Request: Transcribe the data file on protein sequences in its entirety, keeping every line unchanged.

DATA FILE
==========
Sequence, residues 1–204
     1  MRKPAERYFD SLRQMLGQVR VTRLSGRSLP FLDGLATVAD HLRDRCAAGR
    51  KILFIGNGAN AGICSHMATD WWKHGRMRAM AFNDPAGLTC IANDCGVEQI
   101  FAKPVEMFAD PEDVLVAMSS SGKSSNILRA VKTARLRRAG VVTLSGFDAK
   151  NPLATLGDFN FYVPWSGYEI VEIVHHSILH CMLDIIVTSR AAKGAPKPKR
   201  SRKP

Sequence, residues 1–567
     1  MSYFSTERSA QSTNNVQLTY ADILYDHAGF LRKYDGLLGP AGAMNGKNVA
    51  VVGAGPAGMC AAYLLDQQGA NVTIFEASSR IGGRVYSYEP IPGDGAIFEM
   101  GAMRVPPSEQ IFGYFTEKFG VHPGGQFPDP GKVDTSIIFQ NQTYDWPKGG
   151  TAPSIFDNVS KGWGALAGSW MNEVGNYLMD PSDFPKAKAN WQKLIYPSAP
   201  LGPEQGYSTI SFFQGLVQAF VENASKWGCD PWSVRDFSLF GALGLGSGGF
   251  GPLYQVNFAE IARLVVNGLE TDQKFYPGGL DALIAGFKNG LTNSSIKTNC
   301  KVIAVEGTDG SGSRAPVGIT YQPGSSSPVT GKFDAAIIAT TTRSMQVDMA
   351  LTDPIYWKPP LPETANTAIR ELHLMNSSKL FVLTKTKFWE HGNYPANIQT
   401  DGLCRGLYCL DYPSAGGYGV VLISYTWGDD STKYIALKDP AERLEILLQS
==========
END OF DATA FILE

Sequence, residues 1–204
     1  MRKPAERYFD SLRQMLGQVR VTRLSGRSLP FLDGLATVAD HLRDRCAAGR
    51  KILFIGNGAN AGICSHMATD WWKHGRMRAM AFNDPAGLTC IANDCGVEQI
   101  FAKPVEMFAD PEDVLVAMSS SGKSSNILRA VKTARLRRAG VVTLSGFDAK
   151  NPLATLGDFN FYVPWSGYEI VEIVHHSILH CMLDIIVTSR AAKGAPKPKR
   201  SRKP

Sequence, residues 1–567
     1  MSYFSTERSA QSTNNVQLTY ADILYDHAGF LRKYDGLLGP AGAMNGKNVA
    51  VVGAGPAGMC AAYLLDQQGA NVTIFEASSR IGGRVYSYEP IPGDGAIFEM
   101  GAMRVPPSEQ IFGYFTEKFG VHPGGQFPDP GKVDTSIIFQ NQTYDWPKGG
   151  TAPSIFDNVS KGWGALAGSW MNEVGNYLMD PSDFPKAKAN WQKLIYPSAP
   201  LGPEQGYSTI SFFQGLVQAF VENASKWGCD PWSVRDFSLF GALGLGSGGF
   251  GPLYQVNFAE IARLVVNGLE TDQKFYPGGL DALIAGFKNG LTNSSIKTNC
   301  KVIAVEGTDG SGSRAPVGIT YQPGSSSPVT GKFDAAIIAT TTRSMQVDMA
   351  LTDPIYWKPP LPETANTAIR ELHLMNSSKL FVLTKTKFWE HGNYPANIQT
   401  DGLCRGLYCL DYPSAGGYGV VLISYTWGDD STKYIALKDP AERLEILLQS